As you may remember, on October 5th, 2012, at the Advertising Week convention in New York, Keith Lorizio, VP of U.S. Sales and Marketing at Microsoft said in an interview with Beet.TV that the company planned on having 100,000 apps in Windows Store within 90 days of the launch. His exact statement was:
“We’re expecting to aggressively pursue 100,000-plus apps over the first three months.”
He then went on to say that to make that happen, Microsoft was working closely with its partners and providing ample funding.
“We know that we have to have a very healthy ecosystem of apps, and we’re putting millions of dollars against the effort and working with publishers in order to get their apps live as quickly as possible,” Lorizio said. (You can see to the entire interview on the Beet.TV site.)
Being a skeptic
After I heard this prediction, I was both excited and a bit skeptical. On the one hand, if Microsoft was pushing for 100,000 apps in the Windows Store within 90 days, then there would truly be some great apps from which to choose. But, on the other hand, I had heard great predictions from Microsoft before.
Since, Windows 8 was launched October 26th, I figured that Microsoft was shooting for 100,000 apps by January 24th. Therefore, I decided that I would monitor the Windows Store and keep track of Microsoft’s progress.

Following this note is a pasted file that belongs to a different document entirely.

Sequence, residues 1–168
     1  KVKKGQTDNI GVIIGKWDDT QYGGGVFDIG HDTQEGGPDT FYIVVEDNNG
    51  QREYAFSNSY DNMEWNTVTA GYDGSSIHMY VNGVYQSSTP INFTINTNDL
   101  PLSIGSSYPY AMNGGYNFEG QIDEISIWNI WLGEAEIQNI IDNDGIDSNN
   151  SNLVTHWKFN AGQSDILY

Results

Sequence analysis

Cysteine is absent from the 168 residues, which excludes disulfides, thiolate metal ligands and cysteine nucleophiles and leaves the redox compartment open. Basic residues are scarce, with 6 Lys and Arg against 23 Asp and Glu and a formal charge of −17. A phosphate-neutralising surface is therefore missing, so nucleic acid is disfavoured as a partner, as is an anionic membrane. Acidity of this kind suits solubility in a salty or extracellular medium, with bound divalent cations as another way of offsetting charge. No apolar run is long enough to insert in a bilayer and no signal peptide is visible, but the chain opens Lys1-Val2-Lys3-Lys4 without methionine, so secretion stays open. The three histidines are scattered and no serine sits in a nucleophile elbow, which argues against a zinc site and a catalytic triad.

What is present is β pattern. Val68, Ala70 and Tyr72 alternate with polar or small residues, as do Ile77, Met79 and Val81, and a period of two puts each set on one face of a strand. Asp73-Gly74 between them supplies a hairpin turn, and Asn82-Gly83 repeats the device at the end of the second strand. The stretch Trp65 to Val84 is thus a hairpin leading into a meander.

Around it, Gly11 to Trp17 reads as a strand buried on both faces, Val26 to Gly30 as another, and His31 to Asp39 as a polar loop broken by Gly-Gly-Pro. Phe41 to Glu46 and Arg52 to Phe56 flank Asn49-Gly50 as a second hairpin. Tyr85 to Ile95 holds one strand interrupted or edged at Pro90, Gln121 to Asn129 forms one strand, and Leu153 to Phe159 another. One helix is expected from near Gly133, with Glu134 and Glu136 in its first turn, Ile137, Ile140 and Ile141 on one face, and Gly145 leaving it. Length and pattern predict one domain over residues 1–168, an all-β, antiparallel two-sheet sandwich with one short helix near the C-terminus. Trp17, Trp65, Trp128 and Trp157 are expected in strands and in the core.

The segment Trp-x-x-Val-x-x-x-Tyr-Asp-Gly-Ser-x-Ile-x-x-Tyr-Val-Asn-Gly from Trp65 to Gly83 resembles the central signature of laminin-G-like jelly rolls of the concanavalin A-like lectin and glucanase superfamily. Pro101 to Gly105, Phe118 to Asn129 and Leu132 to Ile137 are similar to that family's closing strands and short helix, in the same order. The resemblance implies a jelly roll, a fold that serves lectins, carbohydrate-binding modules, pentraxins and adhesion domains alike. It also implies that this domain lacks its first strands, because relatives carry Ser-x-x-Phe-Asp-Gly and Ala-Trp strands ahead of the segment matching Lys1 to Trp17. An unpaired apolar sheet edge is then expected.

In order to get a good gauge on the initial push, I decided to begin my countdown to 100,000 apps on October 24th. I figured that on the day of the Windows 8 launch, there would be a big surge and that by starting two days before the launch I would get a good baseline. So I created an Excel spreadsheet and tallied up all the Apps in each category. On each Monday since that day, I connected to the Windows Store and checked how many apps had been added to each category.
As you can speculate from the title of this blog post, Microsoft didn’t reach Lorizio’s prediction. Even so, the data that I gathered over the last 90 days provides an interesting look at the progress that Microsoft has made so far. Let take a closer look.
Keep in mind that my focus here is on the number of apps in the Windows Store. In no way am I favoring or highlighting any one app category over any other.
As I mentioned, I began my tally on October 24th, two days before the Windows 8 launch on October 26th and that I updated it on every Monday since. Doing so took me from October 29th, 2012 to January 28th, 2013, which is 91 days or 13 weeks. Considering that I began on 10/24/12 and stopped on 1/28/13, you can see that the exact time span of my data collection period was 96 days. So you can see I actually gave Microsoft a little leeway.
(It’s important to keep in mind that this data is only accurate as of January 28th, 2013. Between this date and the current date, Microsoft will surely have added more apps to the Windows Store.)
As I added data to my spreadsheet, I also created a series of graphs that display the data with bar charts. As I tallied up the total number of apps in the Windows Store each week as well as the total number of apps in each category, I also broke down the data and graphs to show the number of apps added each week by category as well the total number of apps added each week.
The Windows Store has 20 categories for its apps. The categories are as shown in Table A.
|Social||Books & Reference||Shopping||Security|
|Entertainment||News & Weather||Travel||Business|